The value of the stock can increase or decrease normally, so it is possible to see both gains and losses. Like you should with any kind of investment management, it is important to keep your overall portfolio diverse.
Pros and Cons
ESPPs offer quite a few benefits. First off, if your company is successful during the ESPP period, you can realize large gains. For example, say at the start of the period- the company determines that you can buy the stock at 10% off market value- which is currently $50. You will buy the future stock for $45. But during the time you and your employer are contributing money to your plan, the stock price rises to $100. If you have $180 in your plan- you can buy 4 shares for less than the cost of 2! Sell them immediately, and you could see $220 in gains.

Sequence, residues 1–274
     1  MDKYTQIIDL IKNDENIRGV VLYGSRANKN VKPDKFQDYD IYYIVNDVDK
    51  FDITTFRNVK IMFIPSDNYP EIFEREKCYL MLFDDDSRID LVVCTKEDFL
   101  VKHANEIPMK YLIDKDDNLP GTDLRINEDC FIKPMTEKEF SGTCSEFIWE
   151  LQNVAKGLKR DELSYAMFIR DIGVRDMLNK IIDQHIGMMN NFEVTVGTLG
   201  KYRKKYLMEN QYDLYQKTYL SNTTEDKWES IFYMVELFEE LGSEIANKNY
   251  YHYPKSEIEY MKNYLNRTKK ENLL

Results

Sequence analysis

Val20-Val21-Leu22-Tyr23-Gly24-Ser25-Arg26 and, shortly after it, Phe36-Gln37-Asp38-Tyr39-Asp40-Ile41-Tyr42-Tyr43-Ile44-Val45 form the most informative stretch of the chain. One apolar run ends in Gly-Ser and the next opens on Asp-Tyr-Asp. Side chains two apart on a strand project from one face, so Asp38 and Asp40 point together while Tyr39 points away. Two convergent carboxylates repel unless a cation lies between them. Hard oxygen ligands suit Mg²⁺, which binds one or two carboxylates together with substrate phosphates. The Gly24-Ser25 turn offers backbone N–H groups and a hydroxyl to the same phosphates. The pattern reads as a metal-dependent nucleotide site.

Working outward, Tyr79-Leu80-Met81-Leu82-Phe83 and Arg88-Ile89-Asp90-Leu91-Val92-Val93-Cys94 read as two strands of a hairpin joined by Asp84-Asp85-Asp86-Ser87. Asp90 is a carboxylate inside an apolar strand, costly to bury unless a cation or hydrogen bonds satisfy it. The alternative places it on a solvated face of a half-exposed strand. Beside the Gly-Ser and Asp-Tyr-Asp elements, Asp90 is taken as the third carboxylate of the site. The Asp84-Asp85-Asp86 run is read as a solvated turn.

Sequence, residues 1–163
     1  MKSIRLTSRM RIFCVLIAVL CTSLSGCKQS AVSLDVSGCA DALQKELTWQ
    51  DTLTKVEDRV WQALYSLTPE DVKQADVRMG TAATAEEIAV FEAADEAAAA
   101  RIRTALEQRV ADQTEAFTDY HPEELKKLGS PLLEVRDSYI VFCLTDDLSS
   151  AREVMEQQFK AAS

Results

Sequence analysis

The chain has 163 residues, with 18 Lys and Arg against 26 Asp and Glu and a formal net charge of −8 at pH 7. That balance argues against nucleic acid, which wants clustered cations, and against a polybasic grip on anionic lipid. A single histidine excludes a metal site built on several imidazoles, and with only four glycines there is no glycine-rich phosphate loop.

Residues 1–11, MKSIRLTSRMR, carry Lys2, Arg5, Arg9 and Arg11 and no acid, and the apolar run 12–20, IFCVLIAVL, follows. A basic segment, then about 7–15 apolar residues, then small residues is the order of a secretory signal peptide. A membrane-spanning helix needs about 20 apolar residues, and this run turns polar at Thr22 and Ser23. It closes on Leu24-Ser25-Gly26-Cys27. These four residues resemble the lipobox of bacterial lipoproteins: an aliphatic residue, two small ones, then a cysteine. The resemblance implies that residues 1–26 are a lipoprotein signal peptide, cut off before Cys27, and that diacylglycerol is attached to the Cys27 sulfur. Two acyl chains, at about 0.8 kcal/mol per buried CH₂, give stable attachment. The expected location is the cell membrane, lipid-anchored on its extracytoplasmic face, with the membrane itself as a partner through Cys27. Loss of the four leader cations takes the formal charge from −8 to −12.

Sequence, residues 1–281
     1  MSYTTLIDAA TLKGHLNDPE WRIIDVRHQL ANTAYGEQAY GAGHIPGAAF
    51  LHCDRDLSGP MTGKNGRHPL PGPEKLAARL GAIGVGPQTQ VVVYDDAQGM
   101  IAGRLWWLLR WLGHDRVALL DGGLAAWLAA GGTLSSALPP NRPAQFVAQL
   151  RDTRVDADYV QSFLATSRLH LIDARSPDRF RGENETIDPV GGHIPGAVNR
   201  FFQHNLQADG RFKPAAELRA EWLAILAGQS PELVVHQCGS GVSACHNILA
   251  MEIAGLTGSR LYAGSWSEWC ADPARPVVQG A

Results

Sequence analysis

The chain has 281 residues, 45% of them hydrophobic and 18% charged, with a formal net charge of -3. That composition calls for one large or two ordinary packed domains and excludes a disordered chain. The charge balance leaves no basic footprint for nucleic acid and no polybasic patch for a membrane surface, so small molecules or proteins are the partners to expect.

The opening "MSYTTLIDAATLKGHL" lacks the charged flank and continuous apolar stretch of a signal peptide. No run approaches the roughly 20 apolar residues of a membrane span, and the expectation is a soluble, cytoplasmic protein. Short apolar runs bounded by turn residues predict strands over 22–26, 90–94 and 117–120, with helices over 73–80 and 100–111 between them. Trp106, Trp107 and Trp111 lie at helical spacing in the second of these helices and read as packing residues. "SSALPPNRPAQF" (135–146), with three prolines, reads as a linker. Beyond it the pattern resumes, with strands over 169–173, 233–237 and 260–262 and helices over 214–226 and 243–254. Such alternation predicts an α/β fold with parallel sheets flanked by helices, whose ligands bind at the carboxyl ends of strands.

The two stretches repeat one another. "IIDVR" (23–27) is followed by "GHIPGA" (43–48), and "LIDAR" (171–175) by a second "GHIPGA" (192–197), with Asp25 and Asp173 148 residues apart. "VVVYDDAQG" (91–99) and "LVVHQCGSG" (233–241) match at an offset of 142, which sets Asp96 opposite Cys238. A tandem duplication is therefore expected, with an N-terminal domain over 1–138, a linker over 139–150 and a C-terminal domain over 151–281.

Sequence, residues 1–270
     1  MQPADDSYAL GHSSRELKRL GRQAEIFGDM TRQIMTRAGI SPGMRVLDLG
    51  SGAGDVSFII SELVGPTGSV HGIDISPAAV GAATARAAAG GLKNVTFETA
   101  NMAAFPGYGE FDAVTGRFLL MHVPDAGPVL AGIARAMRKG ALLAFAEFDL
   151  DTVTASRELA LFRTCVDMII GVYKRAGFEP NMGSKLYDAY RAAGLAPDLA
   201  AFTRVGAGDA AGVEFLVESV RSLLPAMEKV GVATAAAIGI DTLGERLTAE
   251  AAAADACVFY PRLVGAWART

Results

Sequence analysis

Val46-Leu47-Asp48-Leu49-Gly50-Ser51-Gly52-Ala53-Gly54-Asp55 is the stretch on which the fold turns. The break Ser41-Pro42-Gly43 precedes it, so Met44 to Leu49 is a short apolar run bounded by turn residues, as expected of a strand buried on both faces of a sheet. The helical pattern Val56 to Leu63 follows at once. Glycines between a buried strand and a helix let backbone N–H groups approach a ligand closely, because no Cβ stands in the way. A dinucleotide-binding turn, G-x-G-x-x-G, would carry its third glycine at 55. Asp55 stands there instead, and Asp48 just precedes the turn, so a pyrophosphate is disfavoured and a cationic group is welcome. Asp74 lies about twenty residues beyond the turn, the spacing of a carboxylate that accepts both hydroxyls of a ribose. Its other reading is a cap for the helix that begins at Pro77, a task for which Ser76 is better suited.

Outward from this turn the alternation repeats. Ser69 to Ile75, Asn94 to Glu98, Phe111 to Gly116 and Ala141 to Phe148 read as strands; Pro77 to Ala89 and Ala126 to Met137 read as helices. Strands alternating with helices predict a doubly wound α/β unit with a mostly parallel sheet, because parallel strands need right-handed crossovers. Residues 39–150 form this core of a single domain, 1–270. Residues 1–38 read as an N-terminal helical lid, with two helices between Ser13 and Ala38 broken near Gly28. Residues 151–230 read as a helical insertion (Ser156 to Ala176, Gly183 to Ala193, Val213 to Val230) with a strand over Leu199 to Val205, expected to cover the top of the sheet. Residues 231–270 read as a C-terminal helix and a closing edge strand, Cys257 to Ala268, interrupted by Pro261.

ESPPs also align your interests with that of your company. Focusing on the long-term rather than only being concerned about this week’s paycheck is said to boost employee morale, as everyone is working together for the benefit of the business.
ESPPs also have their risks. There is no guarantee that you will come out ahead by owning stock in your company. Let’s use the same example as before. At the start of the period, the company determines you can buy stock at 10% off the current market value, which is $50. You will buy the future shares for $45. But if the stock prices falls during the period to $40, it would actually be $5 cheaper per share to buy through the general market. So you are no longer purchasing the stocks at a discount.
ESPPs may also require a holding period in some cases, meaning you cannot sell the stock right away. If you believe the share value of your company is going to fall during this time, you could see losses.
If you sell your ESPP stock immediately after it is purchased with your plan, you will be taxed as a short-term capital gain (income tax). If you hold the shares for longer than one year, the gains in the shares can be taxed more favorably as long-term capital gain.
Restricted Stock Units (RSUs)